An international group of hearing specialists has released a new set of recommendations emphasizing that cochlear implants should be offered to adults who have moderate to severe or worse hearing loss much more often than is the current practice. The group hopes the recommendations help increase the usage of such devices, potentially improving hearing and quality of life for millions worldwide.
The consensus statement, published Aug. 27 in JAMA Otolaryngology, was developed by a panel of 31 hearing experts representing more than a dozen countries. Craig A. Buchman, MD, the Lindburg Professor and head of the Department of Otolaryngology-Head & Neck Surgery at Washington University School of Medicine in St. Louis, led the panel.
Unlike hearing aids, which amplify sound for people who retain some ability to hear, cochlear implants help people hear by directly stimulating the auditory nerve.
The committee of hearing experts, which includes otolaryngologists and audiologists, said that the estimated 50 million people living with hearing loss severe enough to negatively affect the quality of life could benefit from cochlear implants. The recommendations also are intended to raise awareness among primary care doctors and other health-care providers who potentially could diagnose hearing loss and refer patients to hearing specialists.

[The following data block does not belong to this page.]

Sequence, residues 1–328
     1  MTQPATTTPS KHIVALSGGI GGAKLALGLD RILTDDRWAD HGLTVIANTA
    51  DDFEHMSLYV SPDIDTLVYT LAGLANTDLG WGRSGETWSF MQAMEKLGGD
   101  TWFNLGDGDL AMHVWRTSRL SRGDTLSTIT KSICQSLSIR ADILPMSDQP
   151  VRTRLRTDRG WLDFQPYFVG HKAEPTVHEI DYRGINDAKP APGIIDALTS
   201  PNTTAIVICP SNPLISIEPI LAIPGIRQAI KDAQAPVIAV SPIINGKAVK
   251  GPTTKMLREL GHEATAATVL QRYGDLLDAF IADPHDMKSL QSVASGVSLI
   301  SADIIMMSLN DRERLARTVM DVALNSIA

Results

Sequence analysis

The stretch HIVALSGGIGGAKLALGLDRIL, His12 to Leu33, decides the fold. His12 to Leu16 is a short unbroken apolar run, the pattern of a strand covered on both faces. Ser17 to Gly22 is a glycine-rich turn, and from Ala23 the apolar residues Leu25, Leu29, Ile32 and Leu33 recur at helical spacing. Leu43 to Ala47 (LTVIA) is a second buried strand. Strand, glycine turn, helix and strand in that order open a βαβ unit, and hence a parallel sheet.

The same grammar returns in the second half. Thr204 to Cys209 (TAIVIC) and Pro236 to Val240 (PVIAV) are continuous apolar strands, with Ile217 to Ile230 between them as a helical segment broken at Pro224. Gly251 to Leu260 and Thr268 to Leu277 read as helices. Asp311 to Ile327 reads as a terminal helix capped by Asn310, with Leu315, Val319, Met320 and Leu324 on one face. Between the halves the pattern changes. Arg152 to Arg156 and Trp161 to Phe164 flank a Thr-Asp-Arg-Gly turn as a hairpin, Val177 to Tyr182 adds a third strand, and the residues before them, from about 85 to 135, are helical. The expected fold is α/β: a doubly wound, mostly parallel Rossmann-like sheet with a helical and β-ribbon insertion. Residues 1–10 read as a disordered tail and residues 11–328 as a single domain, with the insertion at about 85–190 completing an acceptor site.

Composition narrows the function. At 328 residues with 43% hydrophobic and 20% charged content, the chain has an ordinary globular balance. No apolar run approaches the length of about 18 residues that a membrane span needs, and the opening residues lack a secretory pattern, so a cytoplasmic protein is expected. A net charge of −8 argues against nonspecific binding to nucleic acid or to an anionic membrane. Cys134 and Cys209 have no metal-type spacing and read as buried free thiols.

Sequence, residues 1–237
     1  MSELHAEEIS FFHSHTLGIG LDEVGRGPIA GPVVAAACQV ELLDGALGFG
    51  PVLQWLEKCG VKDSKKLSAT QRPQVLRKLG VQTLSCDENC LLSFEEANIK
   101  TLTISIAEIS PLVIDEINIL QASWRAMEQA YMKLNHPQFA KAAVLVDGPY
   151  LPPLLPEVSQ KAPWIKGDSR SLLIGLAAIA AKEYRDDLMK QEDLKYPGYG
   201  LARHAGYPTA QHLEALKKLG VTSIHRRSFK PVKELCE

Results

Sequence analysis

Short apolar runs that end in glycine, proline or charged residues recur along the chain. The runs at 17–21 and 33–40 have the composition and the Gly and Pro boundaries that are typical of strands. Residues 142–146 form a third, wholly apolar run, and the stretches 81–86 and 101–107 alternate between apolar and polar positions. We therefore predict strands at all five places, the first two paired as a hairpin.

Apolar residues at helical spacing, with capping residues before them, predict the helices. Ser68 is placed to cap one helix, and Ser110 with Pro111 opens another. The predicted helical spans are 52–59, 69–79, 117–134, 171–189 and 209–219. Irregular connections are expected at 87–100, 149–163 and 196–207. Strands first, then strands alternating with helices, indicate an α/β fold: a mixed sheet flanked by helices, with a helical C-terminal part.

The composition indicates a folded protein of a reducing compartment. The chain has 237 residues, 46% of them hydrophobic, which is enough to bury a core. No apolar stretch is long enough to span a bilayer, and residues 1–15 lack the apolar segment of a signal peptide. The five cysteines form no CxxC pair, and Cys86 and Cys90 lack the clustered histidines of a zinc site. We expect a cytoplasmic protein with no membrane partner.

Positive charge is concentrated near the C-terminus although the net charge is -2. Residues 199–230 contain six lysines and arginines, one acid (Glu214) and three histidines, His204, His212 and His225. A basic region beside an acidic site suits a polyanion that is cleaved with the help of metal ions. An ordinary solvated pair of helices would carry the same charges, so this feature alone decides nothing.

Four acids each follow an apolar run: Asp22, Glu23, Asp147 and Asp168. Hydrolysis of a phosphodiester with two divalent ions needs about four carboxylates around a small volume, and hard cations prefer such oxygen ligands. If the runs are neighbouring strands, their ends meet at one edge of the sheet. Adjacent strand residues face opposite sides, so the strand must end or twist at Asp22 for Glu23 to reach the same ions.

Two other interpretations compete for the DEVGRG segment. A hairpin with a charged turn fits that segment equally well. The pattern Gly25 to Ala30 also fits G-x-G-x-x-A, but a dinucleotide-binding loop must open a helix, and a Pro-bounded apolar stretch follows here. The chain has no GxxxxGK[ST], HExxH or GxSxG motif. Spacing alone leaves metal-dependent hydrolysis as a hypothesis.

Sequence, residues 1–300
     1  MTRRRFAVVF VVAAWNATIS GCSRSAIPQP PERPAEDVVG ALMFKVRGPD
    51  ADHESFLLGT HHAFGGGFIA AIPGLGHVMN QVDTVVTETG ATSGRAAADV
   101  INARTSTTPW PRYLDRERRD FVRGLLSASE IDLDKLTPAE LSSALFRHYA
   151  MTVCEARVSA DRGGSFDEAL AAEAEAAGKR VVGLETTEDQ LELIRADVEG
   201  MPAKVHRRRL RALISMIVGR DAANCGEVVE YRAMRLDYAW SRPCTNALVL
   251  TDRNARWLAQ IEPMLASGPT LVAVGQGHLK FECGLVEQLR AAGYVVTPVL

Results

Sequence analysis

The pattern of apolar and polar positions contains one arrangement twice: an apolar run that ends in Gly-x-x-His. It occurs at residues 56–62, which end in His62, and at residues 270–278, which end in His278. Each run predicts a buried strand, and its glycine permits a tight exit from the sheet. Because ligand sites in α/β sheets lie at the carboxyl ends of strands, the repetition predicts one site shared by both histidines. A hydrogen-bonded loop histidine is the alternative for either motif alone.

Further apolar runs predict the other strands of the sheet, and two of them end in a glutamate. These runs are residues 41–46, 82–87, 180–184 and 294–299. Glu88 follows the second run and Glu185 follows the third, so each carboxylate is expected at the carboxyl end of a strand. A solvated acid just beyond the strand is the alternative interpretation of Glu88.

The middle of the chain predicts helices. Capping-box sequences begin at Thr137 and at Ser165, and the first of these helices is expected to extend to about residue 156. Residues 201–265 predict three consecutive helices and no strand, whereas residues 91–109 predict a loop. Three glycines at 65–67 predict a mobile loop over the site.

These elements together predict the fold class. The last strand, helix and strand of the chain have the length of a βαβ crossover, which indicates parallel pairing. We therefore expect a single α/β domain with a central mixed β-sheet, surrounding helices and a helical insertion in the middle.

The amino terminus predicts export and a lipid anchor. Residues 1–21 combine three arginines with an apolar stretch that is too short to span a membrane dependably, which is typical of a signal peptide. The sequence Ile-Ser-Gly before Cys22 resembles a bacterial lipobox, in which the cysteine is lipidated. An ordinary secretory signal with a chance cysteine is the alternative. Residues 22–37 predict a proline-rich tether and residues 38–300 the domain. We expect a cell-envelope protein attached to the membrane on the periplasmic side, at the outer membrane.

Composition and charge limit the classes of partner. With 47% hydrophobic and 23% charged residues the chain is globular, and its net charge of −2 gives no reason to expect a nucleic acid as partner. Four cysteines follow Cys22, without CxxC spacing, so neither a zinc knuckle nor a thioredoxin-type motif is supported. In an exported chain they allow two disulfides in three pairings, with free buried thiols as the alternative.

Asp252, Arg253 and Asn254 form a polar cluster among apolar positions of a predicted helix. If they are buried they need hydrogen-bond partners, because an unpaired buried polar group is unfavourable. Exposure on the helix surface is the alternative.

"Even though cochlear implants have been approved by the Food and Drug Administration since 1985, less than 10% of adults who could benefit from them actually receive one of these devices," Buchman said. "There may be a misconception that cochlear implants are only for young children born with profound hearing loss. But these devices can be extremely effective for adults who have lost hearing later in life. Adults who have difficulty talking on the phone, for example, are probably candidates for a cochlear implant."
Buchman also said adults and their doctors may turn to hear aids because they assume such devices will solve the problem and help avoid what is perceived by many to be major surgery.
"Cochlear implants can be implanted in an outpatient procedure that typically takes about an hour," Buchman said. "It's a safe procedure and highly effective. In addition, hearing aids only work for those who need some amplification. But as hearing diminishes, people start to lose clarity as well. Making unclear speech louder doesn't help with comprehension -- people start to sound like the teacher who mumbles in the Charlie Brown cartoon. At that degree of hearing loss, a cochlear implant is the recommended intervention because it can restore clarity."
He goes on to recommend that doctors test for hearing issues by asking questions while washing their hands, to prevent body language and lip-reading. He further highlights the fundamental importance hearing can have on a person’s life, with bad hearing causing anxiety, depression, and social isolation.
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